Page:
How to Recover from a Global Pandemic

 

While the world seems to be slowly coming out of the Coronavirus-induced hibernation, with governments working on plans to make sure life continues without jeopardizing the health and safety of the public, as a business owner, you are probably contemplating how you can shake the dust off and get your business back on its feet.

 

 

Here are some ways to get your business back on track after the pandemic:

 

Reinvent

 

As rules of nature infer, only the fittest survive, and the same rule applies to the economic world. The faster you accept the change and embrace it, the faster you will get your business back on track.

Instead of dwelling on what your business looked like before the Coronavirus and trying to bring that back, take this situation as an opportunity to reinvent different areas of your business. Reinventing will look different for different businesses, so take a deep look at what that may look like for you.

Reach out to your customers/clients and collect information about the shift in their purchasing habits and their current needs and wants. Consider ways you can accommodate them. Look at what your competitors and other businesses are doing to transform or upgrade their marketing strategies to match this new landscape.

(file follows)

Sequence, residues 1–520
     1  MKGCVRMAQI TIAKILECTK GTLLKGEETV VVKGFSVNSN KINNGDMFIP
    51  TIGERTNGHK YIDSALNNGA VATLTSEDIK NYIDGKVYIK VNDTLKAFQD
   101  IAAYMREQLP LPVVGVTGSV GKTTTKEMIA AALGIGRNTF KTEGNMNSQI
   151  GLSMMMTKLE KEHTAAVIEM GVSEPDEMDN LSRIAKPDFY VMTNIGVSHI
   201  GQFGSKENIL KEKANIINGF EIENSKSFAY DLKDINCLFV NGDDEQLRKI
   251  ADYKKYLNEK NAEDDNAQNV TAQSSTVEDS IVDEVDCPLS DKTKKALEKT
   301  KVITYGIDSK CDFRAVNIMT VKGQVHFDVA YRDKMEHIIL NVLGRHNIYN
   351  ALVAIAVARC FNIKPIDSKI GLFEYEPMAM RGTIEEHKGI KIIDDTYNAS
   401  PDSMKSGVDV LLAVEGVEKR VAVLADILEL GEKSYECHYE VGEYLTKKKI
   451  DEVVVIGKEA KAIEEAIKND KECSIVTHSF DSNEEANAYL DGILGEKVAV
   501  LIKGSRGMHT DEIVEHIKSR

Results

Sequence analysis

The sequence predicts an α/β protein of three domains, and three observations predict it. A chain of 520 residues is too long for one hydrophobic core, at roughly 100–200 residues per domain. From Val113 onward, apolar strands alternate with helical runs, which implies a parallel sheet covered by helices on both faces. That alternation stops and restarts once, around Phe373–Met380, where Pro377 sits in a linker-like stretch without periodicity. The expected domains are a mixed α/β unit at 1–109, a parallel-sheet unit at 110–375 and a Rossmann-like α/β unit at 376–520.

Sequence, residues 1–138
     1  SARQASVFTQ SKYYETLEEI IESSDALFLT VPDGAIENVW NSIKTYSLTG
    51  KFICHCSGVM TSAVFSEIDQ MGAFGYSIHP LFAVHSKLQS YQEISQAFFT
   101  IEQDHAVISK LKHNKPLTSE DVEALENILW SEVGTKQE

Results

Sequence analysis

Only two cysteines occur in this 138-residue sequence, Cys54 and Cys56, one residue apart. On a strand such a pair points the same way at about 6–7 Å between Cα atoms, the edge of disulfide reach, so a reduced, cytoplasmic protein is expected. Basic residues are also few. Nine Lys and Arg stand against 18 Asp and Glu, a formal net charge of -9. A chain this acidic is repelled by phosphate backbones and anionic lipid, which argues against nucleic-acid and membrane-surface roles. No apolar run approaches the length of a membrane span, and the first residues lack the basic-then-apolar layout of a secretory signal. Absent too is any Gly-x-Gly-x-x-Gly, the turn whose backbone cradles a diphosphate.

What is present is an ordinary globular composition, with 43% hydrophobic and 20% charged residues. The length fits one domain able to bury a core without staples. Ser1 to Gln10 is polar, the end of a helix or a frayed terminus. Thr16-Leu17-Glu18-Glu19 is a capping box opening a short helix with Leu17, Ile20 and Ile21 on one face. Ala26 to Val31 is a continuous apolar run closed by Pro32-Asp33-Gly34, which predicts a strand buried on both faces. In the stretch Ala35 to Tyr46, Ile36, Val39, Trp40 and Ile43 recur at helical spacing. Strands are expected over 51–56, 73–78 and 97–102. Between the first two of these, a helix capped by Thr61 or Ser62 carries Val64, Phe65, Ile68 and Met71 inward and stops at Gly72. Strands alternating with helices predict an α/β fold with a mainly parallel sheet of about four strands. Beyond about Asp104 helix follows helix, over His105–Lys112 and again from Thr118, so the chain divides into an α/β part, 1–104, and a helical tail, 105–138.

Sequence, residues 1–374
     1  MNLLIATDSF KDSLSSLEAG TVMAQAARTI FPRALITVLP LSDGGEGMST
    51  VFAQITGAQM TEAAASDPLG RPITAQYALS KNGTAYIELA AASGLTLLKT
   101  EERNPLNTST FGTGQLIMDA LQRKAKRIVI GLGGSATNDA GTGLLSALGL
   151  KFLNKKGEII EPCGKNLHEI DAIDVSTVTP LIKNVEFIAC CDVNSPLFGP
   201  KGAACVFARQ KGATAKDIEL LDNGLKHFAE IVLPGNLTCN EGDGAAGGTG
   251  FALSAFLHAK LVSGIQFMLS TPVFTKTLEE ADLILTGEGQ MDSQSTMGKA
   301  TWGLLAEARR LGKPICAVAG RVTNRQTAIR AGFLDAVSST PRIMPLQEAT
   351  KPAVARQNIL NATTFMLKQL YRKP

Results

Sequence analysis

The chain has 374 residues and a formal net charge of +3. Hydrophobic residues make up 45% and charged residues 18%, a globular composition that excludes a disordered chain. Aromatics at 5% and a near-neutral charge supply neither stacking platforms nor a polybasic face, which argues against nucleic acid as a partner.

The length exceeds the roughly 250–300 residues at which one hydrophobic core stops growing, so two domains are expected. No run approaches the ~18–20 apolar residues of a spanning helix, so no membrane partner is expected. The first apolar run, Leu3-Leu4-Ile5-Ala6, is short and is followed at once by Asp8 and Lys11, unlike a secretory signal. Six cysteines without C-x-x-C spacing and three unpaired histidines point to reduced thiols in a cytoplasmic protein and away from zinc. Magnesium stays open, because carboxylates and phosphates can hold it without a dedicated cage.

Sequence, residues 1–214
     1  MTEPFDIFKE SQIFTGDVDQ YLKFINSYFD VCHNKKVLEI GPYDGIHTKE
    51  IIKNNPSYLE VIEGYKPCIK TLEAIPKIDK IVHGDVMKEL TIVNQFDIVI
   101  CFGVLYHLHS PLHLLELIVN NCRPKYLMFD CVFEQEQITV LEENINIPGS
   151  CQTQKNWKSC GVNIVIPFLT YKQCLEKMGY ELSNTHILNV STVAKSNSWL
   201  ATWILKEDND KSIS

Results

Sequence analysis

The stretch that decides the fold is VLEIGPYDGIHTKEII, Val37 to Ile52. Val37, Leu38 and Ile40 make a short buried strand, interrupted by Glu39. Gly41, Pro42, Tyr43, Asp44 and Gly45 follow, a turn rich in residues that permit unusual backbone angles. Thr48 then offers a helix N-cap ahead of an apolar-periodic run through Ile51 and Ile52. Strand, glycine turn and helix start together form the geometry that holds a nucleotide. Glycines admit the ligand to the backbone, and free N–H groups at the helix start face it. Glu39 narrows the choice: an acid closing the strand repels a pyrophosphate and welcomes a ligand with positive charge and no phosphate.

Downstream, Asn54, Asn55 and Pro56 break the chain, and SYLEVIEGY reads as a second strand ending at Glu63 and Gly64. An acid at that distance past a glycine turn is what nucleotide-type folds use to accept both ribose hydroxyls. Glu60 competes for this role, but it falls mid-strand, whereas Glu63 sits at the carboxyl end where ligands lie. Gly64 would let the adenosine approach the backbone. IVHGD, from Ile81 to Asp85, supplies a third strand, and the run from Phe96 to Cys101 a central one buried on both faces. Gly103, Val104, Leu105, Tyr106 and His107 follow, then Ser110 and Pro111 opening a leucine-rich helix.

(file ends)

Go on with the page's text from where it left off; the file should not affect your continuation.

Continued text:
Maybe it’s time to re-brand, or offer different services or products. Consider hiring or consulting with professional service providers that can assist you in this arena, and support your business with functions that are outside your expertise.

 

Revisit Your Budget and Your Expenses

 

Take steps to assess any damage, and to ensure that moving forward you are spending wisely and within your budget. Sit with your finance team or financial business advisor and analyze your financial data to figure out what to focus on and where to start.

The first step is determining if and how severely your business has been affected.
If you haven’t updated your financial statements recently, such as profit and loss or cash flow statements, do so now. Compare them to last year’s numbers to see how much your business may be down. Some businesses actually learn that the damage has not been as bad as they thought, while others may find they are more deeply affected.

Aside from the hard numbers, consider other ways in which your business may have been affected. If you’ve had to lay off some or all of your employees, factor that into your rebuilding plan. If some of your customers have migrated toward your competitors, consider different financial resources to help your business recover. If you’ve cut your advertising and marketing budget down, see how you can re-invest to get back on track and start growing your business again.

To save on the salary of in-house staff, this could mean hiring a virtual assistant; hiring consultant(s); outsourcing your call answering service; only keeping your morning shift telephone operators; etc.

Until the market starts to show clearer signs of recovery, consider wisely where you want to invest, such as in implementing health and safety measures to enable your employees to come back to work without delay, or to renovate so your customers can be comfortable and feel safe.